The most notable changes to Joe’s position began with the cleats on his shoes. His cleats were moved backwards from being forward of the ball of the foot, all the way back so that they were directly underneath it. Joe immediately reported that it ‘felt right’ and there was less wasted effort through the ankle and foot movement. An interesting start to the fit!
Next came adjustments to the shifters and the saddle. One of Joe’s main goals of the bike fit was to improve the handling of the bike in low speed tight cornering where he felt he was losing valuable time. Joe’s saddle was moved backwards slightly to improve weight distribution across the bike, and then lowered to compensate for the changes to his cleat position and saddle setback. This also allowed his handlebar position to be altered. The bars were rotated forwards slightly whilst moving the shifters upwards in the opposite direction. The result of this was a more comfortable hand position where the flat of the bar follows directly into the hoods. Having the right feel through the bars and pressure through the hands is crucial for such a technical event like Cyclocross.
After some final small tweaks here and there, Vankru used the Retul 3D Motion Capture system to assess the changes to Joe’s position and record the results. Interestingly they managed to achieve a drop in back angle of -2 degrees for Joe whilst leaving him feeling more comfortable on the bike and more powerful through the pedals.
A lower back angle is something that aerodynamics enthusiasts usually look for as a quick and sure-fire way of going faster! The problem with just slamming your stem to achieve this effect is that it sometimes comes with a price of reducing your power output. By aiming to lower the front end of your bike in conjunction with a bike fitter you can be sure of a drop in handlebars without compromising your efficiency!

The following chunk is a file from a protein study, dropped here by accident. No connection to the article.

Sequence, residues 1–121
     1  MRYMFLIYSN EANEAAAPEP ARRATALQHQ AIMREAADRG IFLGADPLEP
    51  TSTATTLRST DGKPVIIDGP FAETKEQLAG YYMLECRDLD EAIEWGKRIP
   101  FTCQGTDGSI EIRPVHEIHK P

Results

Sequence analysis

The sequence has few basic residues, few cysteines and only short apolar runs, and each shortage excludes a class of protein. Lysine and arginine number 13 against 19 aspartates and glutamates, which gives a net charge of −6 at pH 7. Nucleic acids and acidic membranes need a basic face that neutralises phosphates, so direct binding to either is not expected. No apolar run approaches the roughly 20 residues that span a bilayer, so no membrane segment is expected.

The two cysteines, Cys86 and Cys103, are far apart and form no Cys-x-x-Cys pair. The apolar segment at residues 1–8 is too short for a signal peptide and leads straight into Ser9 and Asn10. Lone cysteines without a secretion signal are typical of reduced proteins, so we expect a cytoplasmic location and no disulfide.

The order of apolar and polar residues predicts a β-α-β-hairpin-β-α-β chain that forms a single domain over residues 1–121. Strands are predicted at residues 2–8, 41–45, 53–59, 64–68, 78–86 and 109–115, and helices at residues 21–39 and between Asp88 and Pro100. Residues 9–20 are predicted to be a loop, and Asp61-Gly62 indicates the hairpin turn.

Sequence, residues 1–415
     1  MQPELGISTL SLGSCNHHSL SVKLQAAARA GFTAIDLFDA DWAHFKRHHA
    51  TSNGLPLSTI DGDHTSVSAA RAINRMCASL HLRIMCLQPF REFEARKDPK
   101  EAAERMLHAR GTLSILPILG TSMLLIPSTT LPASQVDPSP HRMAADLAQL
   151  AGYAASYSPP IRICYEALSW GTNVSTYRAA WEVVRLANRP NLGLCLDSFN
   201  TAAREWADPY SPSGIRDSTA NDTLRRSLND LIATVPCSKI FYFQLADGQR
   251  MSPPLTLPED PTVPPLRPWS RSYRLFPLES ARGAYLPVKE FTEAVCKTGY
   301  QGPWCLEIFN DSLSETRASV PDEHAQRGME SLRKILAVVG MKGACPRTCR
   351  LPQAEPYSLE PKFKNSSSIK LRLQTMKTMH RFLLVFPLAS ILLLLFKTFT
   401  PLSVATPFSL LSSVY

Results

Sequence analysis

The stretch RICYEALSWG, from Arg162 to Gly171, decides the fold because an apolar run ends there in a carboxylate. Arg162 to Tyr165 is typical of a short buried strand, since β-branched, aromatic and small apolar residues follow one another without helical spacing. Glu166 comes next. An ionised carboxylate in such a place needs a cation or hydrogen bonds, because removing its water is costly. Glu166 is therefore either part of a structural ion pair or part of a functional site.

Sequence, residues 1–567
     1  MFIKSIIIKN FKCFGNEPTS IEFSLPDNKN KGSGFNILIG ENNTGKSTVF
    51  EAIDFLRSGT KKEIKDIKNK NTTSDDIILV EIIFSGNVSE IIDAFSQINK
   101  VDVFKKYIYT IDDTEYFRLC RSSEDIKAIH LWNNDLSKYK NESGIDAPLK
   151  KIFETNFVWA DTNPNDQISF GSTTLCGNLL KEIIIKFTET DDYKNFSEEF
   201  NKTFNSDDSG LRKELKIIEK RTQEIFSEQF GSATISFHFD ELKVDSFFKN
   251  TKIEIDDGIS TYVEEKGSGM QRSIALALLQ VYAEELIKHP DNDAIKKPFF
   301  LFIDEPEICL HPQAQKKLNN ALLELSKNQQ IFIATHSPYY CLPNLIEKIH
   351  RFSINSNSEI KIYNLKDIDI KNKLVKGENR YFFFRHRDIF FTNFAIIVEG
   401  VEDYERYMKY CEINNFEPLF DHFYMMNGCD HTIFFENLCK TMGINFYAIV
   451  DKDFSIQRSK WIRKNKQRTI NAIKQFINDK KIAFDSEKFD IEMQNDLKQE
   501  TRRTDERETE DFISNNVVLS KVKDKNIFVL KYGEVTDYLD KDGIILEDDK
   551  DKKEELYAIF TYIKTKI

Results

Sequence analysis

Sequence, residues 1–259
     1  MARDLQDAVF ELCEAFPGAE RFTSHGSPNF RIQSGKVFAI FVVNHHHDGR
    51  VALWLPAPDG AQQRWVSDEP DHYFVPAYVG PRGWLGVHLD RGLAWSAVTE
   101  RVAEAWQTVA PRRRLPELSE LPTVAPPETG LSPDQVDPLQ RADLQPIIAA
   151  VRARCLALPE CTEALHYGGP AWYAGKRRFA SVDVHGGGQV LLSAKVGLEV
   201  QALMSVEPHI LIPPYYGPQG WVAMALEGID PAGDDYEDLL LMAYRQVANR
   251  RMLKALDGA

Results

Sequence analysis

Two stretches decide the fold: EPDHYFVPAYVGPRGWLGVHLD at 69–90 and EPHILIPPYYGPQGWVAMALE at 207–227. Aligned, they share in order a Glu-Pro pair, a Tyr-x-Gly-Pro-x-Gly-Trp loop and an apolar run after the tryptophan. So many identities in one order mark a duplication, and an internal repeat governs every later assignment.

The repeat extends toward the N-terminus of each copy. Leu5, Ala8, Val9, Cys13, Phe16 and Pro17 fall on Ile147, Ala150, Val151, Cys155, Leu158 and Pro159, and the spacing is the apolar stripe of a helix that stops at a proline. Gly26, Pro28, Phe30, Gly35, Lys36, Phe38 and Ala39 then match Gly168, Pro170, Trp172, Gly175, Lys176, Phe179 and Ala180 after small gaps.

Whilst Joe is an expert in his event, Vankru work with riders of all experience levels to make them faster and more comfortable on the bike.
Joe has since been out testing his position and bagged an awesome 4th place in the hotly contested Coventry RC Boxing Day Cyclocross, won by Stephen Roach of Raleigh GAC.
Thank you Vankru for the support!
Check out Vankru’s website for details of their fits and prices. They are super busy, so book your CX bike fit now before the season kicks off again to avoid disappointment.”
Ken Buckley – Team Manager, Spokes BPC Race Team
In our search for further learner, Garth and I decided to ditch the chain oil for massage oil
this winter and enrolled in a Sports
/ Soft Tissue Massage Level 3 diploma. For 30 weeks, our Tuesday evenings will no longer be spent working from the studio or sweating it out on the turbo, but will instead consist of lotion-soaked hands, scribble-filled notepads and information-stuffed grey matter…
The course, held at Eastleigh College, includes everything from detailed learning and practice of massage techniques (who thought kneading was just for bread making) to the function of the lymphatic system, through to the role of sports massage in injury treatment and prevention.
We’ll continue to post updates of our progress through the course, and will certainly be needing some willing volunteers for “treatments” in the coming weeks so keep an eye out on our social media posts for opportunities to put yourself forward!